• It's weird that you never see Nicolas Cage in the trailer for Longlegs. I mean, I love Maika Monroe as much as anybody, but I don't know that she's a draw outside of the indie-horror-knowers, especially as the lead in a dour serial-killer movie.
  • I am so ready to not see the trailer for Maxxxine any more, although it's kind of funny how the red-band one comes of as obnoxiously crass but the lack of f-bombs in the green-band version just throws the whole rhythm of it off.
  • Wait, are we really getting both Hijack 1971, in which a South Korean tries to divert a plane to the North, and Escape, in which North Koreans try to escape to the South, on the same day? I don't know how much demand for Korean cinema the typical city has, but probably not "two action movies about defecting" much. It seems like Sony and Well Go should have checked to make sure this didn't happen!

Haenseomgaijeu (Handsome Guys)

* * * ¼ (out of four)
Seen 29 July 2024 in AMC Causeway Street #9 (first-run, laser DCP)

Handsome Guys is close enough in its setup to Tucker and Dale va. Evil - two threatening-looking bumpkins try to help an unconscious girl but are mistaken for killers by her friends, who off themselves trying to rescue her - that I'm tempted to call it an uncredited remake, but it goes bigger and goofier early and often enough to be its own thing. It is, at the very least, good enough in an empty theater that I wonder how it would play with a crowd.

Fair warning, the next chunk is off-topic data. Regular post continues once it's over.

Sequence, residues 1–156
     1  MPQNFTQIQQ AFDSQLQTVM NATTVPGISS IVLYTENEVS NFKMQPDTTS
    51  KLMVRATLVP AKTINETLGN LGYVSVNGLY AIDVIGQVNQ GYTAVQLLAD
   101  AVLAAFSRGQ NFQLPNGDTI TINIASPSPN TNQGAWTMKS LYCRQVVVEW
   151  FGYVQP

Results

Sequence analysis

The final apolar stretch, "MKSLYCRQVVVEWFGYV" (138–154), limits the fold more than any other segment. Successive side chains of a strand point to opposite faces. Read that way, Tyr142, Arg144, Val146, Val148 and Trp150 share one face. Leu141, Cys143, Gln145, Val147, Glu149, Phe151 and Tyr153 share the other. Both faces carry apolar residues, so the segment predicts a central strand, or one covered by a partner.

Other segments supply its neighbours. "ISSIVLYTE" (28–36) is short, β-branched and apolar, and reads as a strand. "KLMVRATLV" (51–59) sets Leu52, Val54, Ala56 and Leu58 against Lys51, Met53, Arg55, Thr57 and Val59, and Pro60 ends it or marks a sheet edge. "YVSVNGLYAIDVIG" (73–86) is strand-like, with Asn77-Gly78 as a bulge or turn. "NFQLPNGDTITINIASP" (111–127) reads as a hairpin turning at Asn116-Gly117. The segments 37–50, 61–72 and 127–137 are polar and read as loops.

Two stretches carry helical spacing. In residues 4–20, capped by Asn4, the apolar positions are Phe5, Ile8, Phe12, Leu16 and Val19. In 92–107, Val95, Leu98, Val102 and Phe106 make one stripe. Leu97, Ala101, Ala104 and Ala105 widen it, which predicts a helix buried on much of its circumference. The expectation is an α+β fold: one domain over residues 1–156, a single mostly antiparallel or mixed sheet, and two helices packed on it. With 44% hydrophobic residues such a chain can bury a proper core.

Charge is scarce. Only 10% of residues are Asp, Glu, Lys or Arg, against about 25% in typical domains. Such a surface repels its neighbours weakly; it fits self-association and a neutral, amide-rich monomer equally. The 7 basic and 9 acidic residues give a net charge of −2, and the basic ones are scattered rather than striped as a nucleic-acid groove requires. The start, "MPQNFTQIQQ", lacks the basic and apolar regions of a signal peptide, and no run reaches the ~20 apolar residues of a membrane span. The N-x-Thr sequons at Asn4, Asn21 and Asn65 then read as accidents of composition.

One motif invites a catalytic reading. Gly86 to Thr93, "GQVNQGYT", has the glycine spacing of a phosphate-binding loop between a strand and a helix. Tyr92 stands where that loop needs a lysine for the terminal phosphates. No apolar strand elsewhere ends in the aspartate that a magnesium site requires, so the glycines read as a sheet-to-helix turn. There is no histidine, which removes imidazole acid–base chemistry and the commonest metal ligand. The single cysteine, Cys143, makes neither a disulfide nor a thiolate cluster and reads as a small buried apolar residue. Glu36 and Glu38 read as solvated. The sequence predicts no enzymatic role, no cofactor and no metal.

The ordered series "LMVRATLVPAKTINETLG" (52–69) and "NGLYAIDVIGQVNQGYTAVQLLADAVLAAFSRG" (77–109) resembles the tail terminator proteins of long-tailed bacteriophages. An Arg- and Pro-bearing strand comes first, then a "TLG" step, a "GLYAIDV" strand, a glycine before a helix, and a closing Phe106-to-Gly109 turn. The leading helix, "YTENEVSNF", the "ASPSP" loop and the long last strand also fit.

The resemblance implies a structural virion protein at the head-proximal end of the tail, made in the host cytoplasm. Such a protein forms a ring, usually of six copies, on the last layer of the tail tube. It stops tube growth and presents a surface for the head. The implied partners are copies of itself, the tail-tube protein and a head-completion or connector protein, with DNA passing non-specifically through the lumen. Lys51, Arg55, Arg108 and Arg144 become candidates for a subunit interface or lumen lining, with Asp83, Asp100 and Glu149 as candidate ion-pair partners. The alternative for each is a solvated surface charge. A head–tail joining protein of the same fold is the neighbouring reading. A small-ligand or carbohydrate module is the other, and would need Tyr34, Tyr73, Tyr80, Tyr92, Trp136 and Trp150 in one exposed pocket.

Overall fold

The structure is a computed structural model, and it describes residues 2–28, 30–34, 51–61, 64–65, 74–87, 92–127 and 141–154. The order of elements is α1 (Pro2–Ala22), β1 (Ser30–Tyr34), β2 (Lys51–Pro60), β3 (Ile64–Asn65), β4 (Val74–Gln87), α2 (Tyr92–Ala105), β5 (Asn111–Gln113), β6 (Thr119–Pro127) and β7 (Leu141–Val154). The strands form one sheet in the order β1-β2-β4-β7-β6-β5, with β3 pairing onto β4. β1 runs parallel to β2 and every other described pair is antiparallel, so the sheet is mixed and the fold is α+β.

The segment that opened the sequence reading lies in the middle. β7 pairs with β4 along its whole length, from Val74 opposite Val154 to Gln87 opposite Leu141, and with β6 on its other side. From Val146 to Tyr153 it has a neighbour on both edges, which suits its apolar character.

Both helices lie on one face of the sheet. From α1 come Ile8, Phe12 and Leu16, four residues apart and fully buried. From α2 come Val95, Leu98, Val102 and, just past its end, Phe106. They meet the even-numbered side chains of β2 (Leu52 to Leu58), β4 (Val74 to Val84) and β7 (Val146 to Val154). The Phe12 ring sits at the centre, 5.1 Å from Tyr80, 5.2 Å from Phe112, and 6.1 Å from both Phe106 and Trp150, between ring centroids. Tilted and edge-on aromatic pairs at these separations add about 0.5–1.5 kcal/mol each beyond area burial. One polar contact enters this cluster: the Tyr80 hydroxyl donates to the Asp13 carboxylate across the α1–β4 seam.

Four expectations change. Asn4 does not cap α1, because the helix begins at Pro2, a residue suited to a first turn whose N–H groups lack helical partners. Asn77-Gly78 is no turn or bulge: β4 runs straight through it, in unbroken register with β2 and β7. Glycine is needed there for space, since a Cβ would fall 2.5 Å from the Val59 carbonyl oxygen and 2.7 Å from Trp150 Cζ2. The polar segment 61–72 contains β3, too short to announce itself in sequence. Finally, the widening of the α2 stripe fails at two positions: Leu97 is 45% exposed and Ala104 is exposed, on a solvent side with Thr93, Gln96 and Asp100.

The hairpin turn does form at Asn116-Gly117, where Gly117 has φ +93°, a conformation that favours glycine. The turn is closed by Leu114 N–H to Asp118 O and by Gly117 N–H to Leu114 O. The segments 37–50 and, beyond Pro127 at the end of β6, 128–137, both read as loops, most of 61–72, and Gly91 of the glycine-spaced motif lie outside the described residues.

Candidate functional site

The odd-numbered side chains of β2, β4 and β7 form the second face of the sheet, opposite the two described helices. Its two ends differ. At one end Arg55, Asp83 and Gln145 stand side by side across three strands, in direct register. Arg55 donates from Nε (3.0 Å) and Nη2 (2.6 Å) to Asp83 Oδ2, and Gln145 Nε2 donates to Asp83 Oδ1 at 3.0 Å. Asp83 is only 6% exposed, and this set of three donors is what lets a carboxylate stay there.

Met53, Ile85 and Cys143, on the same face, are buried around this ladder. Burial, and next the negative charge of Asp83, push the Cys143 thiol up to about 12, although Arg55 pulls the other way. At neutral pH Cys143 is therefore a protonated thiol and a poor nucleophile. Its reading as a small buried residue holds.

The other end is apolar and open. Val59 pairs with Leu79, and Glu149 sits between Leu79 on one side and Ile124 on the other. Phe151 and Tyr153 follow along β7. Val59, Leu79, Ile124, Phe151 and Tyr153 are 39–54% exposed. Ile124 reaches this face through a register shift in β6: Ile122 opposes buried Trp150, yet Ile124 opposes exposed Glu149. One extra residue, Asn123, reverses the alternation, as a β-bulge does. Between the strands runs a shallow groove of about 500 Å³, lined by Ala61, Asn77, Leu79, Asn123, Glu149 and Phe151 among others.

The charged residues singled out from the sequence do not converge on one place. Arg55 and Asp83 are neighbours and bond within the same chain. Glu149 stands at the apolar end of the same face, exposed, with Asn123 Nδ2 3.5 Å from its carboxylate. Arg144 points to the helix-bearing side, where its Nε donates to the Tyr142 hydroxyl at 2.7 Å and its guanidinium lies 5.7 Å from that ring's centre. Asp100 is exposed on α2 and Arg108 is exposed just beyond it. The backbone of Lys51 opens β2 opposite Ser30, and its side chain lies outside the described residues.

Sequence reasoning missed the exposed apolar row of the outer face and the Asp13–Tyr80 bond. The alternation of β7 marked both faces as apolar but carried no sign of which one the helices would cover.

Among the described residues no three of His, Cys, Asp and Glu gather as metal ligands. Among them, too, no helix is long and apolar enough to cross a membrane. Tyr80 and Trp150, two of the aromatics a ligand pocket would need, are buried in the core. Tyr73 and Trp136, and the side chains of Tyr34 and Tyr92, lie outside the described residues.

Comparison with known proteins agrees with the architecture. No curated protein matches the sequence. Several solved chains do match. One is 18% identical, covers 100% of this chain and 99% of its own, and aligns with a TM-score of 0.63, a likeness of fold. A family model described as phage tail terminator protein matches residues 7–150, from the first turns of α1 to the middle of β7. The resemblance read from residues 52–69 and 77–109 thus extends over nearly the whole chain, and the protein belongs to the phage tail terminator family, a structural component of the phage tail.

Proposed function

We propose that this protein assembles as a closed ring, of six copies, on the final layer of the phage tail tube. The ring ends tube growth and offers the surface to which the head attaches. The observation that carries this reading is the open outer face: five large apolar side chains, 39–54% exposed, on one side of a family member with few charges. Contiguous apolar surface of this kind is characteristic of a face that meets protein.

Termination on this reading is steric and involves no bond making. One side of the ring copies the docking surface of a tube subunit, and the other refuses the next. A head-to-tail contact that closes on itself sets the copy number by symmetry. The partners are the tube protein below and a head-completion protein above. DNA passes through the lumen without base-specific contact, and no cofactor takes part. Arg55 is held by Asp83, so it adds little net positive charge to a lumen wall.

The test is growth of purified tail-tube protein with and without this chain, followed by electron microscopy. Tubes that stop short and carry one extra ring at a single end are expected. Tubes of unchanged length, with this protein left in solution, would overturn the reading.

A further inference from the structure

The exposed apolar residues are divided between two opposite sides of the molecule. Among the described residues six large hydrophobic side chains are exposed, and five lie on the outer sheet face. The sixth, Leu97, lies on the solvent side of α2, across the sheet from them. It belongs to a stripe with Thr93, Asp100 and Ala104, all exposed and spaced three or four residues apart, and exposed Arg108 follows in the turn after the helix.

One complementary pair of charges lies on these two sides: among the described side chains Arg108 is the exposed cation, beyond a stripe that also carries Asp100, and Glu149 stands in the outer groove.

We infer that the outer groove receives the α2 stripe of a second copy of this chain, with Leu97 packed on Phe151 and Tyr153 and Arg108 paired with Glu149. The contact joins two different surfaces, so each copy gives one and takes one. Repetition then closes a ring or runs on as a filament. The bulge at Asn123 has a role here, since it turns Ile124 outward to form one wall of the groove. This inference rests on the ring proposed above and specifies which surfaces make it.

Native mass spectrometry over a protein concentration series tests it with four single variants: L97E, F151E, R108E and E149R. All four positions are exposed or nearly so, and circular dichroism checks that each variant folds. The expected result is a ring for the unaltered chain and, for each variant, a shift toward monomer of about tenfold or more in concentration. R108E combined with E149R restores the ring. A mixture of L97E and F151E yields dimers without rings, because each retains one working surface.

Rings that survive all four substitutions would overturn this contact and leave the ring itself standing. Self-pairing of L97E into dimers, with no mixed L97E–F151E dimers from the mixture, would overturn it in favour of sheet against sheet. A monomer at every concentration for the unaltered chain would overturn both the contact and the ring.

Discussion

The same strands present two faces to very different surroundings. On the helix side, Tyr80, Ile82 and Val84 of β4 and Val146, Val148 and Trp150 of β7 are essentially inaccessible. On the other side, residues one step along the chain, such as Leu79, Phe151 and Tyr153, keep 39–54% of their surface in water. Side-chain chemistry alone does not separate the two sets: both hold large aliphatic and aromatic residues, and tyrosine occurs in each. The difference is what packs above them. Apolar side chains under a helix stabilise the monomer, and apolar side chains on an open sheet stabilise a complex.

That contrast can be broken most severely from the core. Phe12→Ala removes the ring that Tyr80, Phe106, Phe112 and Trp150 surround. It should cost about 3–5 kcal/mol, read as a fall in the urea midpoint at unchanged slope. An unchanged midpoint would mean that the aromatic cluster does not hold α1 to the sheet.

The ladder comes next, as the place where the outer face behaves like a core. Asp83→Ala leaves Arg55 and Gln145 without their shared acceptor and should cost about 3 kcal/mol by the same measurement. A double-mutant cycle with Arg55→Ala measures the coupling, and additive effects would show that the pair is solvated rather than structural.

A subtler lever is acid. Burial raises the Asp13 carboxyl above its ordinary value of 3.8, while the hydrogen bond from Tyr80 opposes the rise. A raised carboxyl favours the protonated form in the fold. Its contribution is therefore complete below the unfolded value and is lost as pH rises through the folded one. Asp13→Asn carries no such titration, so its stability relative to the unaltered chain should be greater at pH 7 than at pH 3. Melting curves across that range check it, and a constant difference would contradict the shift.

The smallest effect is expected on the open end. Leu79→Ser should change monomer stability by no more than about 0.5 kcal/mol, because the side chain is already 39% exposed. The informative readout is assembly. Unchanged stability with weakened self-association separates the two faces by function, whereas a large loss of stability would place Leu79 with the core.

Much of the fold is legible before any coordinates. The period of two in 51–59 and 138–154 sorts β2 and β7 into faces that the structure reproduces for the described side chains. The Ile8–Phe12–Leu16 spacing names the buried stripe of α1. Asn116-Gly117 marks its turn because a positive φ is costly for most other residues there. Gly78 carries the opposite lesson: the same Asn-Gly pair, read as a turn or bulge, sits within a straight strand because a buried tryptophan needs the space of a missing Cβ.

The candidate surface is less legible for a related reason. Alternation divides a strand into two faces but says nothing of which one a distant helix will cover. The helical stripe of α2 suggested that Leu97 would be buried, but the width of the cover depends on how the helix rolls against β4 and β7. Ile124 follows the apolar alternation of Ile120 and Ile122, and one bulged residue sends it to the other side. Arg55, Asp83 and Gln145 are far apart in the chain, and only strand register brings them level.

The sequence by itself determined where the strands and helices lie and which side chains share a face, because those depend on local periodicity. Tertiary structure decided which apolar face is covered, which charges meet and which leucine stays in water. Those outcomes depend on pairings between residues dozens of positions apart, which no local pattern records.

The two "Handsome Guys" are Jae-pil (Lee Sung-min), gruff and weathered, and Sang-gu (Lee Hee-joon), friendly but weird-looking, who are going to the countryside to look at a house formerly owned by an American missionary that they can buy and fix-up. Not far away, pro golfer Lee Jung-bin (Jang Dong-joo) is traveling to his vacation home with friends Byung-jo (Kang Ki-doong), Yong-jun (Bin-Chan-uk), and Jason (Kim Dong-hoon); Jason's girlfriend Mina (Gong Seung-yeon), and Mina's friend Bora (Park Jeong-hwa), who has a crush on Jung-bin. When Bora hears that she was brought along as a prank, she runs off, knocking herself out when startled by Jae-pil & Sang-gu. The others go looking for her, or at least the cell phone whose contents could wreck Jung-bin's career in her pocket, but get the wrong idea even before it becomes clear that the black goat their car hit earlier and that Jae-pil & Sang-gu buried has placed in motion the events of a dark prophecy.